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UNITED STATES

SECURITIES AND EXCHANGE COMMISSION

WASHINGTON, D. C.  20549

 

FORM 10-K

 

x      ANNUAL REPORT PURSUANT TO SECTION 13 OR 15(d) OF THE SECURITIES EXCHANGE ACT OF 1934

 

For the fiscal year ended December 31, 2012

 

OR

 

o         TRANSITION REPORT PURSUANT TO SECTION 13 OR 15(d) OF THE SECURITIES EXCHANGE ACT OF 1934

 

For the transition period from            to

 

Commission File Number 333-110025

 

MONITRONICS INTERNATIONAL, INC.

(Exact name of Registrant as specified in its charter)

 

State of Texas

 

74-2719343

(State or other jurisdiction of

 

(I.R.S. Employer Identification No.)

incorporation or organization)

 

 

 

 

 

2350 Valley View Lane, Suite 100

 

 

Dallas, Texas

 

75234

(Address of principal executive offices)

 

(Zip Code)

 

Registrant’s telephone number, including area code: (972) 243-7443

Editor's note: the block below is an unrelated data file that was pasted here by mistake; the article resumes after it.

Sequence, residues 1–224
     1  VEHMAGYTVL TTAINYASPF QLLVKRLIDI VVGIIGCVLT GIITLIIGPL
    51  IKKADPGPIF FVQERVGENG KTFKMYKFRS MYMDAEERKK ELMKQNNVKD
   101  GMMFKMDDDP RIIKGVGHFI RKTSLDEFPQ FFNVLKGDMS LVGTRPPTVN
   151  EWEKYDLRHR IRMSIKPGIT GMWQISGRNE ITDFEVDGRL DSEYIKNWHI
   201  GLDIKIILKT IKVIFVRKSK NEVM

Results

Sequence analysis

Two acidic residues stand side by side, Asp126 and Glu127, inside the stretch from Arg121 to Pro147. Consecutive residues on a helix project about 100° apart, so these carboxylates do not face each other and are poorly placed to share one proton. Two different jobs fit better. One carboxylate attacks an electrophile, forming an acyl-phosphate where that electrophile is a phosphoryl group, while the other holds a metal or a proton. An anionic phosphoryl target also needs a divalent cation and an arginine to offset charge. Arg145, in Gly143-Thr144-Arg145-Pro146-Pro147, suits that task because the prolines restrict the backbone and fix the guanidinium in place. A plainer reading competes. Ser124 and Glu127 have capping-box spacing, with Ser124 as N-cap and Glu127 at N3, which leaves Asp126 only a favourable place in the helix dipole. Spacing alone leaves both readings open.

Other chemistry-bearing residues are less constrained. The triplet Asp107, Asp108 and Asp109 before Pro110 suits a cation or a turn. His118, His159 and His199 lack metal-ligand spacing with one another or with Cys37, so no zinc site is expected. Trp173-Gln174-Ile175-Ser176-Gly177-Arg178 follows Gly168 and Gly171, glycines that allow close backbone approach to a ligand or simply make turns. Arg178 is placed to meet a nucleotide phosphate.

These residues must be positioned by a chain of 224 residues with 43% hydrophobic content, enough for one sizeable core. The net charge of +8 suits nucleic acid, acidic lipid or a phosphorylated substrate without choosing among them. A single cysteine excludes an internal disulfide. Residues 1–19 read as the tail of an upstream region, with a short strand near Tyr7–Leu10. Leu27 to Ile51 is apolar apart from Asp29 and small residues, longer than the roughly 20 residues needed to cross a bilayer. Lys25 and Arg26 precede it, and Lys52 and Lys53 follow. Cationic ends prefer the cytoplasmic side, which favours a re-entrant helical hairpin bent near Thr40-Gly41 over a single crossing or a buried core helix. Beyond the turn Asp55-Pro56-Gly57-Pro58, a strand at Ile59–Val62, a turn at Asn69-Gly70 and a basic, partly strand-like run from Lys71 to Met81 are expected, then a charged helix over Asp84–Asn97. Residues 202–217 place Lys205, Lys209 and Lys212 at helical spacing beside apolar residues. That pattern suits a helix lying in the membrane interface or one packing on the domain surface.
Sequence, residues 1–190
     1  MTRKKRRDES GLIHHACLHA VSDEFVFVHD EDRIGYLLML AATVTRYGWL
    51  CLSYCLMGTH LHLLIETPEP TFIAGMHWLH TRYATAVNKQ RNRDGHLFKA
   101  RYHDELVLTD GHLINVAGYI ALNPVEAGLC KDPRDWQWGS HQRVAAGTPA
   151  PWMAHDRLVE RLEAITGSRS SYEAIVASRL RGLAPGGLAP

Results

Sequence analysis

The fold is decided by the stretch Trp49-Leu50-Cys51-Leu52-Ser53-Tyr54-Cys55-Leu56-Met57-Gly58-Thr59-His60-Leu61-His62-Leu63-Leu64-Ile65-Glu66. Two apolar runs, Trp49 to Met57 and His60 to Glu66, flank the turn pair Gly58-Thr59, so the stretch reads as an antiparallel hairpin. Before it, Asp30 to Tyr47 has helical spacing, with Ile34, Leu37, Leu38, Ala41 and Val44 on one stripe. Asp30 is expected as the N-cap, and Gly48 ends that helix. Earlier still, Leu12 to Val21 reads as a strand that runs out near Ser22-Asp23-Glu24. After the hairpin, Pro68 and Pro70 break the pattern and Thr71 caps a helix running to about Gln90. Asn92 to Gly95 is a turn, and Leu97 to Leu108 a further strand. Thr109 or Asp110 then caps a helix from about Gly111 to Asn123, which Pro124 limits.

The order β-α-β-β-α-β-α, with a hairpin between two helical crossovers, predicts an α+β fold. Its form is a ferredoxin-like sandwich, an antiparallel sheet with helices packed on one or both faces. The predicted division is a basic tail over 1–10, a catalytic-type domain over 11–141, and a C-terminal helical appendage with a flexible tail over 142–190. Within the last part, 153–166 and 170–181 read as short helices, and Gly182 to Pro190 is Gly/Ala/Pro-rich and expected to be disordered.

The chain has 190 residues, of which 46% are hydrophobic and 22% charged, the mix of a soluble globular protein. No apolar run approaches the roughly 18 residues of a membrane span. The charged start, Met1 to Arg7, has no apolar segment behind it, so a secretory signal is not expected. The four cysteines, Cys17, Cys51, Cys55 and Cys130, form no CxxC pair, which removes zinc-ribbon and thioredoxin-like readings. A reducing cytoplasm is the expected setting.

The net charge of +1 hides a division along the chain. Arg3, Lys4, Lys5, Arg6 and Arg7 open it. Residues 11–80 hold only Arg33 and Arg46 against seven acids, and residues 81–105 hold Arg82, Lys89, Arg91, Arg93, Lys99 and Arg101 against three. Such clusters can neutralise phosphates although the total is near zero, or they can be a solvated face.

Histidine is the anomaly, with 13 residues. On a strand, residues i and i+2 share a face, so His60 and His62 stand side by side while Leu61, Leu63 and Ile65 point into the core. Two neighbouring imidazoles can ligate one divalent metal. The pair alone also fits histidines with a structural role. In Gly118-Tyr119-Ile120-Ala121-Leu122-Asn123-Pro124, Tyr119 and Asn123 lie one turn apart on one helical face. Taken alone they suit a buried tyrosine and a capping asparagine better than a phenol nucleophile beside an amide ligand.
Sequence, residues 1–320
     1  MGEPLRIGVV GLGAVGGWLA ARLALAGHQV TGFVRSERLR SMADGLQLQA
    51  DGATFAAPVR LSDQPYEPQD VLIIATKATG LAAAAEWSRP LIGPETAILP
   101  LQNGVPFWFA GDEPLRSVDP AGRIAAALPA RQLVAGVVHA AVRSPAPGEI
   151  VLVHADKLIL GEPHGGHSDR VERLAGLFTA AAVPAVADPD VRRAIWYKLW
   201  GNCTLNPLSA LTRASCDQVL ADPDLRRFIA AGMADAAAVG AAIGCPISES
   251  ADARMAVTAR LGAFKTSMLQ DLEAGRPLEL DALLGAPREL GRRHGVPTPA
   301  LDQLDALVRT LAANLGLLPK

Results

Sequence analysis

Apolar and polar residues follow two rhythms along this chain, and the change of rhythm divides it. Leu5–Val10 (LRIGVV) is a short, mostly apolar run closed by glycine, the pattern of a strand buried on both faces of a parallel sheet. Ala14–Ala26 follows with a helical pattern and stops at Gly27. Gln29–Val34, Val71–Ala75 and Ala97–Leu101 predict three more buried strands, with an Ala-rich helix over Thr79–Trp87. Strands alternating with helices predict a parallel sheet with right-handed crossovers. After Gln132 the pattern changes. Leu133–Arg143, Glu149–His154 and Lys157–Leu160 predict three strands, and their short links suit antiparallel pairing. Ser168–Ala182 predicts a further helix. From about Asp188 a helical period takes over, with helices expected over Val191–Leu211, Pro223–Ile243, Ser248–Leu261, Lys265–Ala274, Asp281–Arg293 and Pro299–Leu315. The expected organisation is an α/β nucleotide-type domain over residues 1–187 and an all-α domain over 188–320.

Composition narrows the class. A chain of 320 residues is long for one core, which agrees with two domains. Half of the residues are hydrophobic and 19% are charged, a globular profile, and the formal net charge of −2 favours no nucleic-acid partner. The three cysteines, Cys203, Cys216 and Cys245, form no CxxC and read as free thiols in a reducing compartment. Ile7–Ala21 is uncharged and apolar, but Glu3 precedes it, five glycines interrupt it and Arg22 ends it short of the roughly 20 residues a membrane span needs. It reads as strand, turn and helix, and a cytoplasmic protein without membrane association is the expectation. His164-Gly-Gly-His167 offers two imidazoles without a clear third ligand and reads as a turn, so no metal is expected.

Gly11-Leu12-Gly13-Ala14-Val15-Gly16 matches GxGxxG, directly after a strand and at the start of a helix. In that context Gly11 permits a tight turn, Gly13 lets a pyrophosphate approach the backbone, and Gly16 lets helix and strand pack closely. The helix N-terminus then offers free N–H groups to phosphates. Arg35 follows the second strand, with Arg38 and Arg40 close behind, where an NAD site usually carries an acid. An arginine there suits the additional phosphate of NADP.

Securities registered pursuant to Section 12(b) of the Act:

 

Title of each class

 

Name of exchange on which registered

None

 

None

 

Securities registered pursuant to Section 12(g) of the Act: None

 

Indicate by check mark if the Registrant is a well-known seasoned issuer, as defined in Rule 405 of the Securities Act of 1933.  Yes o  No x

 

Indicate by check mark if the Registrant is not required to file reports pursuant to Section 13 or Section 15(d) of the Securities Exchange Act of 1934.  Yes o  No x

 

Indicate by check mark whether the Registrant (1) has filed all reports required to be filed by Section 13 or 15(d) of the Securities Exchange Act of 1934 during the preceding 12 months (or for such shorter period that the Registrant was required to file such reports) and (2) has been subject to such filing requirements for the past 90 days.  Yes x  No o